Sat. April 1, Sun. April 2 and Mon. April 3 @ 7pm
AND Monday matinee @ 1:30
Adults $8 Students $7 Rated PG
Run time 1hr.58min.
PATERSON starring Adam Driver, is a bus driver in the city of Paterson, NJ. He adheres to a simple routine, writing poetry and observing the city on his route. His wife, Laura, lives in an ever-changing world. Paterson supports her newfound ambitions; Laura champions his secret gift for poetry. The quiet triumphs and defeats of daily life are observed over one week, along with the poetry evident in its smallest details, in this film directed by Jim Jarmusch. The film channels the history and energy of the City of Paterson.
Director - Jim Jarmusch
Cast - Adam Driver, Golshifteh Farahani, Barry Shabaka Henley, Cliff Smith, Chasten Harmon, William Jackson Harper, Masatoshi Nagase, Sterling Jerins, Rizwan Manji,
Kara Hayward, Dominic Liriano, Jaden Michael, Jared Gilman, Brian McCarthy, Frank Harts, Luis Da Silva Jr., Johnnie Mae, Trevor Parham, Troy Parham
Producer- Joshua Astrachan, Carter Logan, Daniel Baur, Ron Bozman, Jean Labadie, Oliver Simon
Adam Driver Nominee for the 2017 Gotham Awards for Best Actor
Adam Driver Winner for the 2017 Los Angeles Film Critics Association Award for Best Actor
Adam Driver Winner for the 2017 Toronto Film Critics Association Award for Best Actor
Carter Logan, Jim Jarmusch, Joshua Astrachan Co-Nominee for the 2017 Gotham Awards for Best Feature
Jim Jarmusch Nominee for the 2017 Gotham Awards for Best Screenplay
OBIT..... (an award winning documentary on the art of obituary writing from the New York Times).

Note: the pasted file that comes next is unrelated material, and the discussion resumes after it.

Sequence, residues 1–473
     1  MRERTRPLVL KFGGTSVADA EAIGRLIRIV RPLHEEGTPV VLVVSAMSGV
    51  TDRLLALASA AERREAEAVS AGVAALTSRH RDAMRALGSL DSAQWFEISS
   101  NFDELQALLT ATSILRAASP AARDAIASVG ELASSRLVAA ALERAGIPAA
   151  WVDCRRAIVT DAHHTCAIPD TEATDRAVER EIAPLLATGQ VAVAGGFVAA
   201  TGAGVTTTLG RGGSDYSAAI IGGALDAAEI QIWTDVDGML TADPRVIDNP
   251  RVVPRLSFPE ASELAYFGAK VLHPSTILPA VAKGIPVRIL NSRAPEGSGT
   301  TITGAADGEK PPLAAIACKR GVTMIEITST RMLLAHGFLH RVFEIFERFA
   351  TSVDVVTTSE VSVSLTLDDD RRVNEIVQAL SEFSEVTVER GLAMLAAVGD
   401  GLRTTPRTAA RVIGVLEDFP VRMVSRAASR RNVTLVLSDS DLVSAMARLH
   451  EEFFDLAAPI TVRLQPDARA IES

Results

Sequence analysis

Wednesday April 5th... @ 1:30 matinee and 7pm evening screening
ADULTS $10 STUDENTS $8 Run time 94 minutes
Documentary... Cast: Jeff Roth, William Grimes... to name just a few
Producer: Caitlin Mae-Burke, Pamela Tanner Boll, Geralyn Dreyfous
At The New York Times, a particular team of writers is entrusted with reflecting upon the luminaries, icons, and world leaders of our day. Here, we are introduced to those responsible for crafting these unequaled obituaries. As we are taken through their painstaking process, we learn about the pressures accompanying a career spent shaping the story of a life. At The New York Times, the obituary beat is no career dead-end. Almost immediately the movie clarifies that, at the Times, at least, obituaries are about lives lived: "Maybe a sentence or two will be about the death," says one "obituarist," and that leaves an awful lot of work for a writer on deadline who, as Maraglit Fox puts it, gets around seven hours to master a subject's entire life.
Many stories in the section are no-brainers, of course, and the film looks at how the deaths of historical figures and movie stars are handled. A politician like Ronald Reagan might have several drafts of his life composed by staffers before he dies; in the case of a Michael Jackson, music writer Jon Pareles may get an emergency call to sum up an icon's life on the spot. (As he would do for Prince just days after Obit's premiere.)
Obit editor William McDonald gets to weigh the desires of writers like Bruce Weber and Paul Vitello, who seem often to fall in love with these people they'll never meet; why else would they beg for more space to, for example, write about the man who played bass on Bill Haley's 1954 record "Rock Around the Clock"?
Those writers make for fun company here, however much they claim people avoid them at cocktail parties. But they're sometimes upstaged by seersucker-clad Jeff Roth, an overseer of the paper's vast archive of clippings. Wry about the arcane way things are organized (or not) here, he's an obsessive whose enthusiasm is contagious. On the day he passes from this mortal realm — may it be several decades from now, and may no one use such a hackneyed euphemism — Roth would seem to promise an obituary worth reading.
Director: Vanessa Gould